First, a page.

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dc.contributor.authorWorld Ag Info Project Design Team
dc.date.accessioned2019-06-27T17:36:14Z
dc.date.available2019-06-27T17:36:14Z
dc.date.issued2007
dc.identifier.urihttps://hdl.handle.net/1813/66610
dc.descriptionWorldAgInfo Project Solution Scenario 4: Technologies and Information Exchange Systems. Based on the deliberations of participant groups in Workshop 1, the WorldAgInfo Design Team drafted a problems and solutions summary document (available within Section Three of the Final Report). This is one of several potential solution scenarios to emerge through that process. These were in turn used to inform proposed information projects generated by Workshop 2 participants in Livingstone, Zambia (available within Section Two of the Final Report).
dc.description.abstractSolution Scenario Concept: Extension agents and NGO workers need access to reliable agricultural information if rural livelihoods of small-holder farmers in Africa and Asia are to improve. Information does exist, but it is typically in English-language scientific publications that are inaccessible to non- English speakers, and those who are not highly trained scientists. Further, these as well as extension publications are not easily or widely available. Thus, even trained personnel who might bridge the gap between knowledge creation and its local application by small-holder farmers do not have the information to effectively do this. A model is proposed that involves personnel with agricultural expertise working with agricultural program graduates to make scientific knowledge more accessible to such “bridge workers” in the agricultural sector. In addition, community-based findings of local significance and applicability would also be included for dissemination by extension and other agricultural sector workers. Such information would be organized on a website, but would also be available in a variety of formats, including other, non-internet formats (CDROM or hard drives), video/audio (via TV, radio, phone), and paper. The information needs to be regularly updated material that is location and need-specific, multi-lingual, and visual to accommodate the varying literacy levels of farmers. It needs to be accessible and relevant to women who are the majority of small-holder farmers in Africa and Asia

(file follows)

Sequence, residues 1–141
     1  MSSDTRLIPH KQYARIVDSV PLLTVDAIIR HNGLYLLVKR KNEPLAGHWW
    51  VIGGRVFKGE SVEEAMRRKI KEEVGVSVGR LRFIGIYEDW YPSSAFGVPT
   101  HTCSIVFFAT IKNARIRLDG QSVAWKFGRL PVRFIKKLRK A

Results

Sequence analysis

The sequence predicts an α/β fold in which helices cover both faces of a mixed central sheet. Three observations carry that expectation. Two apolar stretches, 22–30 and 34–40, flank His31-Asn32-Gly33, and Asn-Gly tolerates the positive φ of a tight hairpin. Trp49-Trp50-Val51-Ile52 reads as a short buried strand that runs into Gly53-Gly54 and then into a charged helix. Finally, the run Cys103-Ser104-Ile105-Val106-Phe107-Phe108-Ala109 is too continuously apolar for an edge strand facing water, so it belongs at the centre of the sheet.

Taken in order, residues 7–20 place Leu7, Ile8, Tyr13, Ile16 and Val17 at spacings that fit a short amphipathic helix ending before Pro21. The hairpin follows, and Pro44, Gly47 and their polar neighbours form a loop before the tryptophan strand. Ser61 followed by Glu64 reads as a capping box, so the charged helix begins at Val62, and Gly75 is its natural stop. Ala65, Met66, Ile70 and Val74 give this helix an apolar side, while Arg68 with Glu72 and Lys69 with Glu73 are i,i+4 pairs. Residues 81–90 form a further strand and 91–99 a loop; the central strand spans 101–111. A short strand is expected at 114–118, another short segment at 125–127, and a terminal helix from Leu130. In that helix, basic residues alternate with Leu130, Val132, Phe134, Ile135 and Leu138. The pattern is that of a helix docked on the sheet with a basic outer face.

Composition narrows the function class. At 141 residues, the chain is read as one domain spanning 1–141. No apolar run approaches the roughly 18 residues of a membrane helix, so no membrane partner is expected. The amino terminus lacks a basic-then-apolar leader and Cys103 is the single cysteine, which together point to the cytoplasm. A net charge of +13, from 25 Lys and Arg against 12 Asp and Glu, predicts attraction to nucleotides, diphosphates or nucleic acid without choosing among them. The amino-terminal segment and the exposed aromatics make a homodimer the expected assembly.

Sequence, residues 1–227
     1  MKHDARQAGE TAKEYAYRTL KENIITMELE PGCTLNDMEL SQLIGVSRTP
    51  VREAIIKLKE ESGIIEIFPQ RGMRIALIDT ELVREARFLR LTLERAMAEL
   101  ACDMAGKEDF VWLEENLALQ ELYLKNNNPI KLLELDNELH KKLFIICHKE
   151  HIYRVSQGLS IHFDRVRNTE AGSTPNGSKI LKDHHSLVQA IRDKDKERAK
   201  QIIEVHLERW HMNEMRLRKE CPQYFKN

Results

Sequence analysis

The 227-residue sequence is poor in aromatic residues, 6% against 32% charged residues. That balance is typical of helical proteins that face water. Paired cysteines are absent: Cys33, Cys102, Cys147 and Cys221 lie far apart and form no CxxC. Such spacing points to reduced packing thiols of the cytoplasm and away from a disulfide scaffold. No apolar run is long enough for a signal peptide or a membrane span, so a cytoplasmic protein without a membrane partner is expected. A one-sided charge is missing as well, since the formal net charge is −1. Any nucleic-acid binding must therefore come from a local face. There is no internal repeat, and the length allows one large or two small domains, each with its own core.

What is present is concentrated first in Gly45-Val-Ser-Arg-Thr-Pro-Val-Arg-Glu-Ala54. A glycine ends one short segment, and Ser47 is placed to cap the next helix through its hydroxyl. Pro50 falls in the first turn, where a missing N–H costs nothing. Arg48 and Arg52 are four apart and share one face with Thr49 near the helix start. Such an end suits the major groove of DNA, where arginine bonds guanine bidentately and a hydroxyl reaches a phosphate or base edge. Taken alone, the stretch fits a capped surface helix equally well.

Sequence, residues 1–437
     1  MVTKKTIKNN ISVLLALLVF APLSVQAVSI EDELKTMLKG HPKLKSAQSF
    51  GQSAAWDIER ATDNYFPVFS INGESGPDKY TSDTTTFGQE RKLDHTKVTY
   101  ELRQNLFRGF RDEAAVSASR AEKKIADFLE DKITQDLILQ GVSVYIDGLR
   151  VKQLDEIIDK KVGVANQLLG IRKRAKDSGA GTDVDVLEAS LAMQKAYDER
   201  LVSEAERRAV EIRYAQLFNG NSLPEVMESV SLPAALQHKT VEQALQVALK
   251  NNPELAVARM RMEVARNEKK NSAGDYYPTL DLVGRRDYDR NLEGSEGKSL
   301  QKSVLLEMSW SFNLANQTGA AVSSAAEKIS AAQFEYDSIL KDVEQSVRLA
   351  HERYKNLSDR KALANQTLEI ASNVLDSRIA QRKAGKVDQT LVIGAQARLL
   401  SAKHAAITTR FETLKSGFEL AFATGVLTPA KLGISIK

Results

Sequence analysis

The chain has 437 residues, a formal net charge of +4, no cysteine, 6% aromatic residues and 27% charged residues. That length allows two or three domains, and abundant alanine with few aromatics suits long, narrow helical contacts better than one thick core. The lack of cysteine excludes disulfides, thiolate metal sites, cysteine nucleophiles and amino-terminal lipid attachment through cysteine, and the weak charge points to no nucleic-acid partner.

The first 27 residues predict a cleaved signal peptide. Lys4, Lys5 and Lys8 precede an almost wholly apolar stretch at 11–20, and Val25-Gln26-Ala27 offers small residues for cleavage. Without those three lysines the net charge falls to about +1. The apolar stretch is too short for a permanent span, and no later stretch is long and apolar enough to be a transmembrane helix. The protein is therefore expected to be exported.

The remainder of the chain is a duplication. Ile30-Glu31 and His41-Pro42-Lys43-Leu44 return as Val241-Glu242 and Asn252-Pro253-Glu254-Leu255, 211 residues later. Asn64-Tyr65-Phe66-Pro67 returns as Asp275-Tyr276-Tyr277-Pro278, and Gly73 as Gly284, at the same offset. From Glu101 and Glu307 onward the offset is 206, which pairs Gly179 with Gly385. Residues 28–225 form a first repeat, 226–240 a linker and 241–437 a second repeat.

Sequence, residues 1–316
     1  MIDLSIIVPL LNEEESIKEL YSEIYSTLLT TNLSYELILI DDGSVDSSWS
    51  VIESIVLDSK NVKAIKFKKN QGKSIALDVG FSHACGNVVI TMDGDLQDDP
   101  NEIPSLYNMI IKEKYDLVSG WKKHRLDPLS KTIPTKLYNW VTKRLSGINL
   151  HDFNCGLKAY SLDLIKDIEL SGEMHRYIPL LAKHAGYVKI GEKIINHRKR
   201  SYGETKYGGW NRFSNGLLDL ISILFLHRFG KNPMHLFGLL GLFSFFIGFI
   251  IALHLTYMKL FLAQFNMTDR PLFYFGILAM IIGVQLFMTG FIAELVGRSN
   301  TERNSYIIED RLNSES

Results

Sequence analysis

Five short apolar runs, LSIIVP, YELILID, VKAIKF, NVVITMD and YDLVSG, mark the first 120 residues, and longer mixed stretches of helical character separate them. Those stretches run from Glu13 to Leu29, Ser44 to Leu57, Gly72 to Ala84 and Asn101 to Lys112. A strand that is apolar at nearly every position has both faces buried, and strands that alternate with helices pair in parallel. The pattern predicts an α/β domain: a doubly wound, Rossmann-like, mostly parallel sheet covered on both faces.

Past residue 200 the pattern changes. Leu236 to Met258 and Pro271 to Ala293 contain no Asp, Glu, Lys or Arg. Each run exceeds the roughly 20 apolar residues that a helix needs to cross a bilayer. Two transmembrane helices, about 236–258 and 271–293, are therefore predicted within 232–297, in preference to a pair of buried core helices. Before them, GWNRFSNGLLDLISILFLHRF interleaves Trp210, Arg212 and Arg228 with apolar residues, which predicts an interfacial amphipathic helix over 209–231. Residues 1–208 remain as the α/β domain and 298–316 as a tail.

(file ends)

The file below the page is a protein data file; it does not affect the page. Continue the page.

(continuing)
dc.language.isoen_US
dc.publisherWorld Ag Info Project
dc.subjectInformation Systems
dc.subjectAgriculture
dc.subjectICT
dc.subjectAgricultural Development
dc.subjectInternational Development
dc.subjectAgricultural Education
dc.titleDelivering Non-Academic Agricultural Content to Support Agricultural Extension Activities
dc.typereport


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